Scoring High Marks: Concrete Floors Can Rule in School

From D+D Online, December 2010

by Gary Henry

School flooring has long been the domain of carpet and vinyl. That’s changing. Finished concrete floors are showing up in ever greater quantities in schools ranging from elementary to university. Coloring, polishing, and other decorative treatments are adding distinctive aesthetics and enhanced performance, meaning the concrete floor no longer must be standard-issue gray—a la Henry Ford’s uniformly black Model T....
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Tagged categories: Concrete coatings and treatments; Concrete polishing; Decorative Finishes; Floor coatings; Prosoco Inc.; Schools

Comment from christopher schmidt, (12/10/2010, 9:28 AM)

Gary, we are using concrete flooring in more and more of our school designs. I would like to post this article on our website blog. what do I need to do to acomplish this?

Comment from Sharon Steele, (12/10/2010, 10:00 AM)

Christopher, you are welcome to include a link to this article from your blog. If you have any questions, please let me know, thanks! Sharon Steele at D+D. 800-837-8303 X 144,

Comment from david burgess, (12/10/2010, 10:47 AM)

Hello Sharon, may we post this article to our web site as well? We have several school boards in Western Canada that are making the move to PC. THX David Burgess

Comment from Sharon Steele, (12/10/2010, 11:08 AM)

Hi David, You are welcome to include a link to this site! Thanks.

Comment from Deb Huizenga, (12/10/2010, 11:10 AM)

At our school, kids are coming in with snow and water on their boots/shoes. Is the polished concrete floor slippery?

Comment from Nurit Regev, (12/10/2010, 1:00 PM)

It looks like there are top coats on the floors in these pictures.Could you tell us what they are?

Comment from Tony Thorne, (12/11/2010, 9:50 AM)

Polished Concrete Question ? We are seeing concrete counter tops now aalso, but in the flooring article it warned against using polished concrete in spill areas. Milk , vinegar and other acids can damage these surfaces. Are counter tops Sealed to protect these surfaces ? Thanks Tony

Comment from Laurie Kaneshiro, (12/11/2010, 2:23 PM)

The concrete floor looks so shiny. How do you determine the coefficient of friction on a custom installed concrete floor?

Comment from david burgess, (12/13/2010, 1:06 PM)

Yes, concrete floors are exceptionally shiny however the process can be designed to create a matte look based on grit levels. Good question about static coefficient of friction. ASTM C 1028 has standards to determine safe thresholds on polished concrete (wet or dry surfaces). Slip tester is used to measure co-efficent. There are various models on the market ranging from $1500.00 - $5000.00. The more expensive unit provides a print out showing measured values. It is generally considered in the industry that a walkway surface with a coefficient of friction higher than 0.5 is non-hazardous. Check out Ls (Lithium-Silicate) Link under HARDEN - "Product Test Data"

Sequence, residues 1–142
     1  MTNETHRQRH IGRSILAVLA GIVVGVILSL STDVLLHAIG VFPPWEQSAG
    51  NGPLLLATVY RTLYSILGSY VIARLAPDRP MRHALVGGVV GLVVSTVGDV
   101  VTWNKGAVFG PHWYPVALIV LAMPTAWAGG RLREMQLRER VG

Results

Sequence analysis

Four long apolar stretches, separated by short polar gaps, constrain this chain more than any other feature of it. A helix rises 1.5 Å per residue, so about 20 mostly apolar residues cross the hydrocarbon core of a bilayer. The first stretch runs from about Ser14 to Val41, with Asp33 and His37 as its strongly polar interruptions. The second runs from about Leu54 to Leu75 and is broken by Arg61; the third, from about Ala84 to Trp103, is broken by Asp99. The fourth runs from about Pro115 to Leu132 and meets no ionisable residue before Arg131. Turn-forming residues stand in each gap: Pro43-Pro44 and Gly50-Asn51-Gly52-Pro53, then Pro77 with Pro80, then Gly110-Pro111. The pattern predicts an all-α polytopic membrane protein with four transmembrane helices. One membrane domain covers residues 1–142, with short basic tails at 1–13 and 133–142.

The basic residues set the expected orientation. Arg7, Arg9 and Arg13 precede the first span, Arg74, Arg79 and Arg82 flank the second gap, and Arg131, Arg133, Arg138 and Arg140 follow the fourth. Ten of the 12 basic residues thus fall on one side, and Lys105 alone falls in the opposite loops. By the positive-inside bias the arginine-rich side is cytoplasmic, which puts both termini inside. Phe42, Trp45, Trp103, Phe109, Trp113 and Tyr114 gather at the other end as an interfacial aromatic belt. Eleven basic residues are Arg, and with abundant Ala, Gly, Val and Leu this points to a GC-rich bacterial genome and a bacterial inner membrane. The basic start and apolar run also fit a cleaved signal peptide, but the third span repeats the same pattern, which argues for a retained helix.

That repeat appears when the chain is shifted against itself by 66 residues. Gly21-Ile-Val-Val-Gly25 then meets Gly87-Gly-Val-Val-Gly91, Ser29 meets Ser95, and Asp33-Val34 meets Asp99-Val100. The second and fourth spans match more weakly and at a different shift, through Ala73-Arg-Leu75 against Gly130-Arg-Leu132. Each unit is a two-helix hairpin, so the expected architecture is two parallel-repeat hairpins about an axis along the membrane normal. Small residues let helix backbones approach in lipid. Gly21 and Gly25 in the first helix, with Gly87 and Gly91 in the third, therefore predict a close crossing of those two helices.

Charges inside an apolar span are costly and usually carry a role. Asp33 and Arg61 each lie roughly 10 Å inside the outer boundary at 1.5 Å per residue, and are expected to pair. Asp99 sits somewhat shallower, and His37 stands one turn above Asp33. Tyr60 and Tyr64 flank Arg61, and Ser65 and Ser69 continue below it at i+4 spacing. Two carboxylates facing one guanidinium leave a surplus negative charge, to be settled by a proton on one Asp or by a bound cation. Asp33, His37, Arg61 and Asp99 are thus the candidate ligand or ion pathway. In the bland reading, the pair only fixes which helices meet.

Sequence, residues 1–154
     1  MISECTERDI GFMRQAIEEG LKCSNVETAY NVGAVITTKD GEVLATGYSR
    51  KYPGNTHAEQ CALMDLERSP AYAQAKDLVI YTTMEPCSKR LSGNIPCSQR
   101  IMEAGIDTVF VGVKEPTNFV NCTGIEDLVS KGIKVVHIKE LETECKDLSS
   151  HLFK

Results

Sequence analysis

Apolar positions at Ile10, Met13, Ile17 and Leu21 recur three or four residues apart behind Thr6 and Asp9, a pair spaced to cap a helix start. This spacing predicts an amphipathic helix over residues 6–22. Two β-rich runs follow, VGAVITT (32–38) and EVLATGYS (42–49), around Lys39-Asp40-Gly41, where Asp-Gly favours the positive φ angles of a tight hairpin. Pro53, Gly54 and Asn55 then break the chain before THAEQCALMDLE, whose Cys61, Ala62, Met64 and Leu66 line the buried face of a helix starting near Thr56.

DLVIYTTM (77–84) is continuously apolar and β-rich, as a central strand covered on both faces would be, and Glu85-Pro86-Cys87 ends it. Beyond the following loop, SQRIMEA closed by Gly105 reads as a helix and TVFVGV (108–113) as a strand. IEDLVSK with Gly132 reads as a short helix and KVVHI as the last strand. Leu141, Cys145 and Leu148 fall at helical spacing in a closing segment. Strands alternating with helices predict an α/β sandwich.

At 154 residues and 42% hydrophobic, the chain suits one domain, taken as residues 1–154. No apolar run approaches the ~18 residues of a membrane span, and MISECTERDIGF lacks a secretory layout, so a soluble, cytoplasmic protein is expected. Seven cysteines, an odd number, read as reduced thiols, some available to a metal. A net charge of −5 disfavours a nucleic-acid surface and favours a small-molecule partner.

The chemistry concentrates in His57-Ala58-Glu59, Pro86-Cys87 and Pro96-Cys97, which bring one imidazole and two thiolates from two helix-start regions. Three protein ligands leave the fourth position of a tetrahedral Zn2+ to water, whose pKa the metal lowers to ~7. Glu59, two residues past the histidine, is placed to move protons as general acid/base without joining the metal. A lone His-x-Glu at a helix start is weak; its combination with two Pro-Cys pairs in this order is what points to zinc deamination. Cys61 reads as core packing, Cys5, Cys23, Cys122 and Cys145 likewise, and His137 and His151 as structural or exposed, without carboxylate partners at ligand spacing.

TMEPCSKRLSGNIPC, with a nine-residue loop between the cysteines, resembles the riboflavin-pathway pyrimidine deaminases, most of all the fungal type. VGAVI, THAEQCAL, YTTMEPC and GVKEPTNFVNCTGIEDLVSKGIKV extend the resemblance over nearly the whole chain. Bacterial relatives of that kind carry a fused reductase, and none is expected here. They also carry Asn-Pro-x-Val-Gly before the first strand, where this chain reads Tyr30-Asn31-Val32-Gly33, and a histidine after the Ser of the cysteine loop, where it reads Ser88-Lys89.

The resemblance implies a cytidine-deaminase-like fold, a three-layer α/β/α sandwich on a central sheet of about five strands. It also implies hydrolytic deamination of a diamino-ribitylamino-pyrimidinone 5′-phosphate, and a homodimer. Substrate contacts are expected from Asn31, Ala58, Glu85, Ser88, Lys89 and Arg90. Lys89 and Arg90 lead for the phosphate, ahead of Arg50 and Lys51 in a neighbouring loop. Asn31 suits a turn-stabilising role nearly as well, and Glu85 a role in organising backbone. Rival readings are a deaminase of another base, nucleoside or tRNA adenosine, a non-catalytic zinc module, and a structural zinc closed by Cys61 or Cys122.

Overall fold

Comment from gary henry, (12/14/2010, 12:58 PM)

Hi Nurit, I believe the coating on those floors is an ultra-thin coating called LSGuard that is burnished in at 3,000 rpm. The LS stands for "lithium-silicate," a component in the formulation. While LSGuard can be used to enhance the gloss of floors finished to lesser levels, the floors shown in the article all achieved their levels of shine and reflectivity independently of the protective treatment. Gary Henry 785-830-7343

Comment from gary henry, (12/14/2010, 1:04 PM)

Tony, I highly recommend sealing concrete countertops. There a several worthwhile products on the market for that purpose. Which one you choose depends on whenther or not you want to enhance or alter the appearance, and which contaminants you're most likely to see on the counter. No matter what product you choose, your best defense against stains from spills is rapid removal. Gary Henry 785-830-7343

Comment from gary henry, (12/14/2010, 1:07 PM)

Laurie, regarding slip resistance, David Burgess gave excellent information. I would only add that although highly polished floors look slippery, the reality is that they're not. That said, any floor can be slippery with spills of water or other contaminants. Gary Henry 785-830-7343

Comment from Brad Burns, (12/14/2010, 1:18 PM)

Regarding slip resistance of Polished Concrete, when the surface is processed properly, it provided increased surface contact and therefore creates a higher slip coefficient that what is expected from such a reflective surface. However, we recommend that each floor, since they are unique, be tested by a walkway auditor. A list of approved auditors can be located at Also, the National Floor Safety Institute ( and recently released the new ANSI B101 standard for testing the slip coefficient in the field. Brad Burns / Concrete Polishing Association of America

Comment from gary henry, (12/16/2010, 10:20 AM)

Thanks Brad, that's great! -- Gary

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